Delta Pinot Noir 2010


I think that this wine appeared on a Decanter list of wines. I’m no longer sure which one but I do love lists and so often with the Decanter lists they feature wines that are either unavailable here in Australia or so expensive that they might as well be unavailable.

This Delta Pinot Noir from New Zealand’s Marlborough region is widely available and comes in at about $25 a bottle. Delta is a relatively young winery – founded in 2000 – and it produces two Pinot Noirs (both available in Australia) as well as … a Sauvignon Blanc. The business is a joint venture between a Kiwi winemaker and an English wine distributor. In its short existence, the wines of Delta have been well reviewed.

As you may know, I don’t typically buy a lot of New Zealand wine, and I certainly can’t profess to be an expert on Marlborough Pinot Noir. I also find that the $20-$30 price point for Pinot is a really tough bracket. And not tough because there is so much competition but tough because I generally find it underwhelming. While I love discovering wines that over-deliver, I find this very rarely the case with cheaper Pinot and I suspect that because I expect disappointment, I find it.

So … how does the Delta Pinot Noir perform in the glass?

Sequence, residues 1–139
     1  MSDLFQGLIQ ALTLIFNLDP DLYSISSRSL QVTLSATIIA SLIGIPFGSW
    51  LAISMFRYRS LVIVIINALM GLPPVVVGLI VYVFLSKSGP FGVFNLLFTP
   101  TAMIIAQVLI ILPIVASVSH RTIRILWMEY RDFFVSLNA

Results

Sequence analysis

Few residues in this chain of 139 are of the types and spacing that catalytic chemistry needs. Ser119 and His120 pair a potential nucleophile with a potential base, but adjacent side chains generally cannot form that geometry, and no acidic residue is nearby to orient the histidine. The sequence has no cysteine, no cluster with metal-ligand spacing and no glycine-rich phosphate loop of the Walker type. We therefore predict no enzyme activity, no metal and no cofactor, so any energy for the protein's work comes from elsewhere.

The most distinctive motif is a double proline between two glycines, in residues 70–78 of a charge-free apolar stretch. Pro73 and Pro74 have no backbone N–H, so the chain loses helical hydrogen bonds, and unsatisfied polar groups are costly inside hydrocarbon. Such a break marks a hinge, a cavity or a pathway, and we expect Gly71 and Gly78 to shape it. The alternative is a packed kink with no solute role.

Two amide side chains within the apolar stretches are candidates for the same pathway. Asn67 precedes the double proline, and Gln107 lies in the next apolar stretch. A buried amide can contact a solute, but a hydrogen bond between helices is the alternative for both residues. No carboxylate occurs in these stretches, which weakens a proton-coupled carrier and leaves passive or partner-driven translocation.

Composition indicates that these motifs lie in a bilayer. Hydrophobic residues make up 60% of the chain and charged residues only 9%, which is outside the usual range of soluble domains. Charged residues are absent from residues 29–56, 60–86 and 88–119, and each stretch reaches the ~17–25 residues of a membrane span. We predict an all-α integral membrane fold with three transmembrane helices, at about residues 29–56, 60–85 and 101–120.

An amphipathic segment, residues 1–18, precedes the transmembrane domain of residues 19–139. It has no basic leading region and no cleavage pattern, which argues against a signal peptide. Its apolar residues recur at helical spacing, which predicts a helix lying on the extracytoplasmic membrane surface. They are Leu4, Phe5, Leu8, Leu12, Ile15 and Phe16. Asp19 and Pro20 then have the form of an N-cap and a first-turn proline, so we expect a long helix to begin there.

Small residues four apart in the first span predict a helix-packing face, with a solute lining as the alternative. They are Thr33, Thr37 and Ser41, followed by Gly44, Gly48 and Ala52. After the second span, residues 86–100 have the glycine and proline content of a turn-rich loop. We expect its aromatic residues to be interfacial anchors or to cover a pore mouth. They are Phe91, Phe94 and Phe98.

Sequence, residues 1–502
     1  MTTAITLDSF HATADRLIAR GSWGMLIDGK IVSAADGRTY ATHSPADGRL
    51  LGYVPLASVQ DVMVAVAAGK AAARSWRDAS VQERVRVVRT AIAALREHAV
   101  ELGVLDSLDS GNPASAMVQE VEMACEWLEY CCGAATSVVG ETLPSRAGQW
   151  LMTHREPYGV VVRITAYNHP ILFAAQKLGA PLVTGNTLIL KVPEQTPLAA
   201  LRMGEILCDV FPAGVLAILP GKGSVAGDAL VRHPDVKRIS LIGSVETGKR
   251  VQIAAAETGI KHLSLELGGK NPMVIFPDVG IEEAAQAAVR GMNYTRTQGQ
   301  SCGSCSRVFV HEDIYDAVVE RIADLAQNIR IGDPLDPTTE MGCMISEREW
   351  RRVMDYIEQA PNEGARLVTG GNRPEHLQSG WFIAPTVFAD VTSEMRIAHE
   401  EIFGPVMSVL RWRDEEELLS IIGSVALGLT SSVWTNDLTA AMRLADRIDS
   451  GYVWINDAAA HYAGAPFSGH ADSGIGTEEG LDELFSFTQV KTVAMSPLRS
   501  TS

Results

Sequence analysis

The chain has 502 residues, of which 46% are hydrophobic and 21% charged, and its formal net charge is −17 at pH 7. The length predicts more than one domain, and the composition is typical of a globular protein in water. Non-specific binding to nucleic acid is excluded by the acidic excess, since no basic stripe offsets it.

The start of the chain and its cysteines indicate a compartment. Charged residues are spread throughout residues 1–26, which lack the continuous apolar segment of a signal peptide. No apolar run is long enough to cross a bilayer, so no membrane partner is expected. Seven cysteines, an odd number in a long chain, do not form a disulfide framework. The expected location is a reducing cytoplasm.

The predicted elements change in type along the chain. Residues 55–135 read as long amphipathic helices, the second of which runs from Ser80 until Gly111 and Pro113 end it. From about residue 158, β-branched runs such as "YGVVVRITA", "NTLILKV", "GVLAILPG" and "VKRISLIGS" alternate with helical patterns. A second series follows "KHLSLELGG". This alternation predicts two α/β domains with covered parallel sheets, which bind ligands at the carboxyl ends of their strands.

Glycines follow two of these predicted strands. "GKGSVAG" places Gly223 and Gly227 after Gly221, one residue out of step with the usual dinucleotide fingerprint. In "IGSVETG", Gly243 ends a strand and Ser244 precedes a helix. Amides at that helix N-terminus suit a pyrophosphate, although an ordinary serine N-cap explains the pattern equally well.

It is medium to pale in intensity and garnet in colour. The nose shows raspberry and strawberry, with a hint of smokiness and stalk and ever so slight spiciness.

The palate is very fruit forward (something very common with many ‘new world’ Pinot Noirs) and shows off red cherry much more than the berry fruit of the nose. There are some soft tannins providing structure and while there’s some good acidity, the flavour profile drops off quite quickly.

In this instance, disappointment is way too strong a word. This is a tidy wine which delivers very typical Pinot characteristics and does have some structure. Is $25 too much to pay for it? Well, if you are in the market for a Pinot then, no, it’s probably not – but can you find more exciting wines at the same (or even less) cost? Why, yes.

But would I be rushing out and buying it again? To be honest – no. In my overall wine world view, this doesn’t deliver at the price. I would be interested to try out Delta’s Hatters Hill Pinot – it’s almost exactly the same price but is the winery’s flagship wine.

Dan Murphy’s (online order).
13.2% abv.

Greywacke 2011 Sauvignon Blanc


At home I have a fruit bowl and in that fruit bowl goes not only fruit but all the scraps of paper on which I’ve written tasting notes.

I do also have a tasting notebook but today the fruit bowl is closer and so, in what is best described as a lucky dip, I pulled out a pile of tasting notes that I’d written on wines I’d used in a WSET course. The notes are dated 19 August. That’s not 10 days ago – that’s 375 days ago. I’m sure that gives you some kind of insight into me … not entirely sure what it says though!

As a rule, I am not a fan of New Zealand Sauvignon Blanc. Not because I have an issue with them, per se, but they’ve become such a lazy choice for a certain type of drinker. I’ve actually been out with people who look somewhat crestfallen when there isn’t a NZ Sav Blanc on a wine list. Similarly, I hate that so often wine lists overlook good, local examples and yet feature a raft of second string NZ wines.